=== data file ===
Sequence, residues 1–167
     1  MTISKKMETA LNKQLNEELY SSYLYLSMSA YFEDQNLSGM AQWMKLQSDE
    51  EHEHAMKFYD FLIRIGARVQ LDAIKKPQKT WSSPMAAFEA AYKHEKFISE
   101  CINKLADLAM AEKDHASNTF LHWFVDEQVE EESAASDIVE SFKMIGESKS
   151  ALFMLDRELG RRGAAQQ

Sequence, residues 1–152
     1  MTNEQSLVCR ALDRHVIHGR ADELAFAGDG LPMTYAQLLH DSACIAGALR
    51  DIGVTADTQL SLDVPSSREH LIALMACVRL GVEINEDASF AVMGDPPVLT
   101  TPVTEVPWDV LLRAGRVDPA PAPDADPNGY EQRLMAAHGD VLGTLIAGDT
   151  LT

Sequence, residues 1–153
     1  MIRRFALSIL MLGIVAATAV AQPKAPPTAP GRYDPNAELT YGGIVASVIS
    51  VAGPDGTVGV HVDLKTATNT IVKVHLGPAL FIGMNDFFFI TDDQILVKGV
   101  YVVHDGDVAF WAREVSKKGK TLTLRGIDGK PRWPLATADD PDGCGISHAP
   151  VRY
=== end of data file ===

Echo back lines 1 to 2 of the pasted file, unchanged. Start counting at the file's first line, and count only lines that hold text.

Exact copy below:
Sequence, residues 1–167
     1  MTISKKMETA LNKQLNEELY SSYLYLSMSA YFEDQNLSGM AQWMKLQSDE